The first 24 weeks of my pregnancy were perfectly normal. I was still able to
The first 24 weeks of my pregnancy were perfectly normal. I was still able to exercise, I ate healthy and my baby was thriving in the womb. At 26 weeks I went into preterm labor, but luckily my Ob/GYN was able to stop the contractions. However, three days later, it happened again. I was then placed on strict bedrest, and was also placed on terbutaline. Within the next few weeks, I started to notice I was gaining weight. Up until that point I had only gained 14lbs. At 30 weeks I had already gained an extra 30lbs. My doctor said I should watch my fat intake and also salt because my blood pressure was creeping up. I went back two weeks later (32 weeks) and I gained another 20lbs.I was finding it harder to walk because my body was so swollen, especially at night; but I never worried about it because I was told by family and friends that it was normal pregnancy swelling since I was so close to my due date.
However, my Ob/GYN started to notice that I was gaining a lot of weight too quickly and that my blood pressure was rising. He sent me home and told me to come back the following week. I returned the following week and I had gained another 13lbs and now my feet, legs, hands, and face were visibily swollen, and my blood pressure was 150/99. He had me admitted in Labor and Delivery just as a precaution. I was immediately placed on magnesium sulfate and was told that a number of tests would be run on me to figure out exactly what was wrong. I was now at 33weeks and so scared. The following day, a perinatologist was assigned to me. I was told I had developed preeclampsia, and that they would try to keep from delivering my daughter as long as possible, but that there is a greater chance that she will be born premature.
At this point, I did not know what to think. I was terrified. Especially when I am being told that I have a serious situation at hand, and that the pain I was feeling could probably intensify. Luckily, I had an amazing Ob/GYN and also a staff of nurturing nurses that have been taking great care of me. Three days later, a Friday afternoon, I began having strong chest pains, and difficulty breathing. As soon as I made my nurse aware of my syptoms, a team of doctors and nurses came rushing in and put me on oxygen, and started taking blood, and performed an EKG on me. Within a couple hours, I was being preped for an emergency C-Section. I was told that my blood pressure was soaring - at it's highest it was 210/115 - and that for the welfare of myself and my baby, she needed to be deliver immediately.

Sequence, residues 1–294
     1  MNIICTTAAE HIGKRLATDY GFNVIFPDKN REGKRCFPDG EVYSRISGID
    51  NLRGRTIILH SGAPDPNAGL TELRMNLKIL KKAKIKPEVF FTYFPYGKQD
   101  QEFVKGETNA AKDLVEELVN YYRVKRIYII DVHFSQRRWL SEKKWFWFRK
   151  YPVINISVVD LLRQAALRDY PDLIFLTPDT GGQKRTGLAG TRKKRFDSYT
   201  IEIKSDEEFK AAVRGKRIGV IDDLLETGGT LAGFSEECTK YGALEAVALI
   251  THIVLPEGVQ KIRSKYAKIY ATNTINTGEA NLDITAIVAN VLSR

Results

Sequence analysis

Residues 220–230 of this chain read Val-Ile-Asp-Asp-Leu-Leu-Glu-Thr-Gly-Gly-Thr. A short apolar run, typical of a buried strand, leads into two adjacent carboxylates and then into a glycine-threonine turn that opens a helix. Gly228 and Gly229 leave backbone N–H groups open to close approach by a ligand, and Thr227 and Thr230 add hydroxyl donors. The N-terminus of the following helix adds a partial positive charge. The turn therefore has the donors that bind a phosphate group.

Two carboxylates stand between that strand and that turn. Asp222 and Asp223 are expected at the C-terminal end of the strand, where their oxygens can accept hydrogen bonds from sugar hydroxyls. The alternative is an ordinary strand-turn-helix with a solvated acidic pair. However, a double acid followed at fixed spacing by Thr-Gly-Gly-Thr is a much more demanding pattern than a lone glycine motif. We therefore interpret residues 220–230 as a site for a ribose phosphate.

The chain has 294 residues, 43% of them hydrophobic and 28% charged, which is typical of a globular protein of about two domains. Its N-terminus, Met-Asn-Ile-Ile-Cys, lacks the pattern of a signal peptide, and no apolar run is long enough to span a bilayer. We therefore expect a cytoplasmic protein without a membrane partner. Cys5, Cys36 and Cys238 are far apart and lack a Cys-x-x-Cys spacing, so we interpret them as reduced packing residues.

My daughter was born 7 weeks premature, and weighed 4lbs. 7oz. and was 19in. long. Luckily my Ob/GYN has also started giving me a series of steriods for her in order to pregress the development of her heart and lungs. I'm not exactly certain was happened after she was born and taken to the NICU. I was taken to the ICU and stayed there for two days and was then switched to the maternity ward. I was kept away from my daughter for three days until my blood pressure lowered and I was no longer in the "danger zone." The first time I saw her, she was in an incubator and was so tiny. She had jaundice, so she was under the lights. Five days after she was born, she was able to start eating formula. Seven days after she was born I was out of the hospital and able to finally hold her. It was the best day ever. My daughter progressed wonderfully. She was eating formula, no longer on oxygen. Nine days after she was born, she was no longer in the incubator. She finally came home after 2 weeks and 4 days in the hospital. My husband and I were overjoyed. She came home on an apnea monitor and had GERD, and needed to take 3 different medications. However, she was healthy, and home, and that was all that mattered. She is now two weeks away from her first birthday. She is a very healthy, happy, beautiful, thriving little lady.
The last few weeks of my pregnancy and even months after my pregnancy, I was so angry. I did everything right. I ate healthy, I exercised, I took my vitamins religiously. Nothing terrible was supposed to happen. My baby was supposed to be born on time, with no complications. I felt like, it just wasn't fair. However, having been able to share my story, and reading the stories of other brave women makes it much easier. It makes me a stronger person, and I hope my story can help make someone else stronger.
After surviving a very traumatic first pregnancy with a nightmare delivery (30 hours of magnesium-induced hell, ending in an emergency c-section) and even more debilitating recovery, one would think I was DONE having children. Let's be ...